The Editor (Brain Box Productions) 2011 Toronto Fringe Review

I’ve been lucky enough to see some great shows at Fringe so far. Unfortunately, I didn’t feel that way about The Editor. There were some great parts to the show that could have been developed further to form a more cohesive storyline but sadly I felt like it fell flat.

The show starts with Arthur (Eric Double) trying to edit a story he has written about meeting a girl named Sophie. He explains the editorial process to the audience, which is quite funny, and then sits down at his computer and starts to tweak his write-up.

His story is projected on a backdrop onstage and we can see him type as he re-works the piece. This goes on for quite a while with his back turned to the audience the entire time. He even asked more than once if we were bored and I wanted to jump up and say yes.

There are a lot of references to existential philosophy that don’t really seem to go anywhere or have any relevance to the rest of the play.

More than halfway through we finally meet Sophie and things get slightly more engaging. Now we see the story of how they met acted out for our benefit but at this point we have heard the story a few times and it just adds to the repetitive feeling of the show.

I felt like the play tries to take us on a journey through this couple’s relationship and tell the story of how they fell in love, but somehow there is a lack of any substantial development. I’m still left feeling exactly the way I did at the beginning; uninterested.

That said, The Editor, is by the winner of the 2010 Toronto Fringe Playwriting contest, so it’s possible that I’m missing something. Or maybe I’m just so tired of staring at my computer all day that I don’t want to see a show that forces me to do exactly that.

Details:

The Editor is playing at Factory Theatre till July 17th. 

Written by: Jonathan Kline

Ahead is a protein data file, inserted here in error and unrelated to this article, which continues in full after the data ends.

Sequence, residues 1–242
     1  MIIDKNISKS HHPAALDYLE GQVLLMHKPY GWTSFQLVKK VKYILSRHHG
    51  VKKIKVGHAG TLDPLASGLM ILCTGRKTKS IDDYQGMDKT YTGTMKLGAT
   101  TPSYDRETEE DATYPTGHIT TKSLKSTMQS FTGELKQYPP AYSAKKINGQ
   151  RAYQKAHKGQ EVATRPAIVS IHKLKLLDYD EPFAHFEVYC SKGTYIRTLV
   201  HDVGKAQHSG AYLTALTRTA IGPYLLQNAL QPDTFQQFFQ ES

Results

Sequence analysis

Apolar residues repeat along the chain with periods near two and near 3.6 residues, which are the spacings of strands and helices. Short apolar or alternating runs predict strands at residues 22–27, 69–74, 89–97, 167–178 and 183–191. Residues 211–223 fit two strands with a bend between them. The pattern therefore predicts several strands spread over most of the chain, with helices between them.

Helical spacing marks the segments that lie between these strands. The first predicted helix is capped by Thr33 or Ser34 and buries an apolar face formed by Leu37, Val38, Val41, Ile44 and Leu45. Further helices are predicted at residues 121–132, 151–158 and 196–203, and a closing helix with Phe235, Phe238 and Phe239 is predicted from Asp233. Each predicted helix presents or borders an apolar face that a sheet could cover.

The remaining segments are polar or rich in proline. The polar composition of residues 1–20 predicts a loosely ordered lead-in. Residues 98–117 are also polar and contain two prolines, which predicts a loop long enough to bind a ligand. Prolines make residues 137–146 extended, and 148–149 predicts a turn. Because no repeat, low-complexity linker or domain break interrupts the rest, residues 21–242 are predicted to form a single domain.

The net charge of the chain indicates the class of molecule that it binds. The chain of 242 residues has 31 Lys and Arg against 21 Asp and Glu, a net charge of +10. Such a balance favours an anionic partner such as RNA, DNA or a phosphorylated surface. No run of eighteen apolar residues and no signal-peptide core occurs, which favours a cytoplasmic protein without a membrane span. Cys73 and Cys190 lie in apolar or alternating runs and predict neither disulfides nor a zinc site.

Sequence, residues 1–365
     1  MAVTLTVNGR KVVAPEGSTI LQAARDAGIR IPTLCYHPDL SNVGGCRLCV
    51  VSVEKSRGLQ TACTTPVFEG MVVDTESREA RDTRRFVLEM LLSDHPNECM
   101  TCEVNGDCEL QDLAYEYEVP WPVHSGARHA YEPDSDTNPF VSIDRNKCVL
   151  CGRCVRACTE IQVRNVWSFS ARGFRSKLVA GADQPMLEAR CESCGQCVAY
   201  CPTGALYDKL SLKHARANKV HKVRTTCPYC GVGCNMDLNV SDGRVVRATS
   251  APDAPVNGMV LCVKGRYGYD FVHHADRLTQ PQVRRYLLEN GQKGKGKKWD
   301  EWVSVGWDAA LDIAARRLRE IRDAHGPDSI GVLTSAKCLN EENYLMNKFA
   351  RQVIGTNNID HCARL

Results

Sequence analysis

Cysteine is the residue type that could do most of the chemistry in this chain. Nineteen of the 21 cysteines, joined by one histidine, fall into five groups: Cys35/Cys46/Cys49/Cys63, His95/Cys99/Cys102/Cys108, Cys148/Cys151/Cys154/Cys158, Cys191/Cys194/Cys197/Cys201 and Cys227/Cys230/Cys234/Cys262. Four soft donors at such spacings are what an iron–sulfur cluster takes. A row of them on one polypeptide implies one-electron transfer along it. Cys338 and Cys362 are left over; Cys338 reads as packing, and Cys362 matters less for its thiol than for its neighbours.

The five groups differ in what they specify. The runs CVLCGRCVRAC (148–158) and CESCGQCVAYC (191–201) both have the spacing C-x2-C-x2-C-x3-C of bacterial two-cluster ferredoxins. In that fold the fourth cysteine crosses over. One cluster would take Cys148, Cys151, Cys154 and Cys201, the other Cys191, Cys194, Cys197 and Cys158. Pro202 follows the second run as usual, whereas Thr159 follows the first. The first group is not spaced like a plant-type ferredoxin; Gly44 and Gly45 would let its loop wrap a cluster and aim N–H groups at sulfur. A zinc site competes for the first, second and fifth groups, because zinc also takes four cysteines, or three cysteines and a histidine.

Directed by: Coleen MacPherson
Starring: Eric Double and Madison Walsh
Stage Manager: Kalina Janik
Projections Design and Installation: Joe Rabbito
Photos by: Mina Momeni
Produced by: Jonathan Kline, Lauren Wood, and Natalie Kulesza

Performances:

50 min.
Fri, July 8 7:15pm
Sun, July 10 5:45pm
Mon, July 11 3:00pm
Wed, July 13 2:15pm
Thu, July 14 4:15pm
Fri, July 15 5:30pm
Sun, July 17 9:00 pm

Tickets:

Individual Fringe tickets are available at the door for $10 ($5 for FringeKids), cash only.
– Latecomers will not be permitted.
– Tickets are also available online at fringetoronto.com, by phone at 416-966-1062 or in person at The Fringe Tent (behind Honest Ed’s). Advance tickets are $11 – $10 + $1 convenience fee.
– Money saving passes are available if you plan to see at least 5 shows.

One thought on “The Editor (Brain Box Productions) 2011 Toronto Fringe Review”

  1. Sorry the show left you feeling flat, Sonia. Our audience seemed to enjoy the show, including Glenn Sumi of NOW magazine, who tweeted: “[The Editor] was a nice surprise. Love discoveries. That is what this festival is all about.”

    Also, an audience member who none of the cast or crew knew posted the following comment on our facebook page:

    “Saw this play today, and thought it was one of the best fringe plays I’ve seen. You guys did a wonderful, wonderful job. Eric Double was fantastic, and the play really did me in emotionally. Amazing work, I will do my best to see it again!”

    The Editor is only a “relationship” story on the surface. At it’s core, The Editor is about control. The play asks: what happens when we try to control the fruits of our creativity? What happens when we apply that same process to the people we love and to our own memories?

    There’s an existential dynamic that plays itself out in almost every action of The Editor. The Editor looks at how we define ourselves in relation to the judgment of the other (in this case, the audience). How does the gaze of an audience (or a lover) affect our own self-concept?

    Also, for the sake of accuracy, Arthur is played by Eric Double, not me (Jonathan Kline), and although I won last year’s 24-hour playwriting contest, it wasn’t for this play.

    Thanks for your review, and I’m sorry you didn’t enjoy the show.

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